On Feb 8, San Francisco Mayor Ed Lee announced that the city will become the first in the country to offer all of its residents tuition free community college as early as the fall 2017 semester. At a cost of $5.4 million to the city, this deal has the potential to cover up to 3,750 full-time students at the City College of San Francisco.
Free tuition will be available to anyone, despite income, as long as they’ve been a resident of San Francisco or California for at least one full year. The program is different from other free community college programs across the country because it isn’t just for recent high school graduates and does not require a full-time student status.
The Free City College Program, which was spearheaded by Supervisor Jane Kim, covers the $46 per-credit cost for all students. Students will be responsible of paying all other school fees,the price of textbooks and other expenses.
City College will offer waivers to low-income students who will need help covering any remaining costs, despite receiving other state-funded assistance. Those enrolled as full-time students will be eligible to receive a waiver of $250 a semester if they make less than $17,000 a year. Part-time students, who also fit the criteria, can receive a $100 waiver per semester.
The budget will be divided with $2.1 million going towards paying off tuition and $3.3 million to cover the waivers. The school will also receive a $500,000 stipend to help with the implementation of the program. The budget is expected to be revised after two years. The funding of the program was made possible due to a real estate transfer tax approved by voters in last November’s election.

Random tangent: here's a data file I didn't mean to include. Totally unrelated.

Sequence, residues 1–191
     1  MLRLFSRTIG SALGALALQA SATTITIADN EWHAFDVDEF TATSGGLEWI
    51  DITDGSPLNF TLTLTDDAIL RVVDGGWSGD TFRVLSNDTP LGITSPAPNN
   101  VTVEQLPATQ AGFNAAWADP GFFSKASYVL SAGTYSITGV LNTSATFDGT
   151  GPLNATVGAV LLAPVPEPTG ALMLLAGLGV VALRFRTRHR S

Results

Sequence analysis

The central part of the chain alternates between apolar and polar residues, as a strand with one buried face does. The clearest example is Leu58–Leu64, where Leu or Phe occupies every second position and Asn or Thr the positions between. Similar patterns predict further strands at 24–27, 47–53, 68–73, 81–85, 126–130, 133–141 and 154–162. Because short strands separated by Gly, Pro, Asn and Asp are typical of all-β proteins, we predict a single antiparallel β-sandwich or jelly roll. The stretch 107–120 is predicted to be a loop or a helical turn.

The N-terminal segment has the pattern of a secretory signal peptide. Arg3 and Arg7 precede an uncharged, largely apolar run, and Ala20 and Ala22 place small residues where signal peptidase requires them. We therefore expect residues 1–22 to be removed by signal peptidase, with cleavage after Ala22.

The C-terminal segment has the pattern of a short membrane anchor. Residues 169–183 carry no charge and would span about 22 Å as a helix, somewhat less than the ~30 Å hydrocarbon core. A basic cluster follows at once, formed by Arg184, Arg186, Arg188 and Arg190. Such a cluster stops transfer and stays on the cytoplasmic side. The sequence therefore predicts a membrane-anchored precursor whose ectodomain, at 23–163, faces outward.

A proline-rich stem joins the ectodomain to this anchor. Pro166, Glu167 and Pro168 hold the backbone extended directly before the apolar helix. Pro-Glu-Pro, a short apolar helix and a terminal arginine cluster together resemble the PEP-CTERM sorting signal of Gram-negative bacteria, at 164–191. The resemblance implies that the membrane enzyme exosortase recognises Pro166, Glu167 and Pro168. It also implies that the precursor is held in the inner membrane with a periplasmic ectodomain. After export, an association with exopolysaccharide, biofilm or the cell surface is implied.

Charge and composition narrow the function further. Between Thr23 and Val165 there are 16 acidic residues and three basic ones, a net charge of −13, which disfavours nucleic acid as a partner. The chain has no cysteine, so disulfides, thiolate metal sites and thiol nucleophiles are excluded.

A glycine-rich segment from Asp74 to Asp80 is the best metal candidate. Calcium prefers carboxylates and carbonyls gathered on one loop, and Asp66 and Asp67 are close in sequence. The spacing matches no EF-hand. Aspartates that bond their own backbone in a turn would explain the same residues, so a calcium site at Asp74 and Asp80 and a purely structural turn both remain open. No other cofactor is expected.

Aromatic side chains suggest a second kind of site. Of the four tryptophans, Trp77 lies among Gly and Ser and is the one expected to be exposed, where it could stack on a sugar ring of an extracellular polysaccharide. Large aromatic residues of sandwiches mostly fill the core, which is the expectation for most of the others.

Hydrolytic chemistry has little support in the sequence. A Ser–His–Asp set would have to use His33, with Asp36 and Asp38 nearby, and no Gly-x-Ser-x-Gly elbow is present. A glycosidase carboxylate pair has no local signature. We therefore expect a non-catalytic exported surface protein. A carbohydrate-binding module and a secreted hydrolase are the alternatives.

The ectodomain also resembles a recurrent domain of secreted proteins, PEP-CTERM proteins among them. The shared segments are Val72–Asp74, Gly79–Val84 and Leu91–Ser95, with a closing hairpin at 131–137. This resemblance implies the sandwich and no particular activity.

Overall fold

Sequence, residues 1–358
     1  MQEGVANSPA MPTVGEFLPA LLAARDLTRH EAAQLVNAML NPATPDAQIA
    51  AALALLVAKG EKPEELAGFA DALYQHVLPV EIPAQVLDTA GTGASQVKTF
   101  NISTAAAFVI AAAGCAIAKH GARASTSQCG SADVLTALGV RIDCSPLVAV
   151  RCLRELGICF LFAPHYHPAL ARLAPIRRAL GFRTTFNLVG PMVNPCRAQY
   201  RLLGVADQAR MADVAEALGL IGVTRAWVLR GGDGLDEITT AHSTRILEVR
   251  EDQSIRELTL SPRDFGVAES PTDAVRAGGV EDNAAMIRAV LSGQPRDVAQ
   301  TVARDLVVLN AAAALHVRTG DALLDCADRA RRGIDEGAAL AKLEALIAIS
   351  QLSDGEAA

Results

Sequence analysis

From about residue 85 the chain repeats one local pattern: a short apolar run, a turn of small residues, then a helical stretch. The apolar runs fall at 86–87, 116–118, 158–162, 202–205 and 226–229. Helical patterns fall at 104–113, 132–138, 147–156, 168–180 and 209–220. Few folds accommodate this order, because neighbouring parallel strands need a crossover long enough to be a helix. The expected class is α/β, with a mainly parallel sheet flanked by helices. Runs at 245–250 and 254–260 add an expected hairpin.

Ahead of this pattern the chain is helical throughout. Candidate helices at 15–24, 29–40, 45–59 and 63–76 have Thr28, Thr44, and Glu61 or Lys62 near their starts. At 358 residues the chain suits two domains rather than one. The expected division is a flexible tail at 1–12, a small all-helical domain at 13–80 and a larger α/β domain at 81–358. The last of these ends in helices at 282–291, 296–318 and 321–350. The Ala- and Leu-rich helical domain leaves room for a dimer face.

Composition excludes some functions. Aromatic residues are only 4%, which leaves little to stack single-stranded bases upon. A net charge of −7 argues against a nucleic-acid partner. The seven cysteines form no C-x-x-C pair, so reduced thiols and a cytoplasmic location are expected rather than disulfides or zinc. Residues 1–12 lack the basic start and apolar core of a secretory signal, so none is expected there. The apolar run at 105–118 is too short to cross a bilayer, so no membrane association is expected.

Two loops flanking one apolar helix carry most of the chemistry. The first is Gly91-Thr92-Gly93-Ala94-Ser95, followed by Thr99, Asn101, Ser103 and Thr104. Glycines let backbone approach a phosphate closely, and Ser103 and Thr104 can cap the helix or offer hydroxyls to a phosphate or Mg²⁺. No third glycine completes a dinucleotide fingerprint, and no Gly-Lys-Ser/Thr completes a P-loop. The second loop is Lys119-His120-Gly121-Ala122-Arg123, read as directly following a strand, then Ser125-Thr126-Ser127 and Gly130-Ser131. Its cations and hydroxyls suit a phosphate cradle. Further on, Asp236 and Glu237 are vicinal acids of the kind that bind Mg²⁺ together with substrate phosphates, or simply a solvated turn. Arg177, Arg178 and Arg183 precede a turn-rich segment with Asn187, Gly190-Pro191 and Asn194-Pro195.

The real estate tax applies to properties in the city that are worth more than $5 million dollars. The tax is expected to bring in $44 million annually to the city’s fund, and will also be used towards helping affordable housing and senior support services.
City College of San Francisco hopes for an enrollment increase, which had gone down significantly after the school lost its accreditation due to governing and fiscal planning problems. The college accreditation was renewed for another seven years in January. The program will cover all current students and allow a 20% increase in enrollment, according to The San Francisco Examiner.
As many other parts of the U.S. continue talk of providing affordable higher education to their residents, San Francisco’s plan can be one of many to inspire similar programs. The city’s execution and results of the program are still left to be reviewed. If successful, this program has the potential to serve as a model for other U.S. cities to emulate and create affordable higher education opportunities.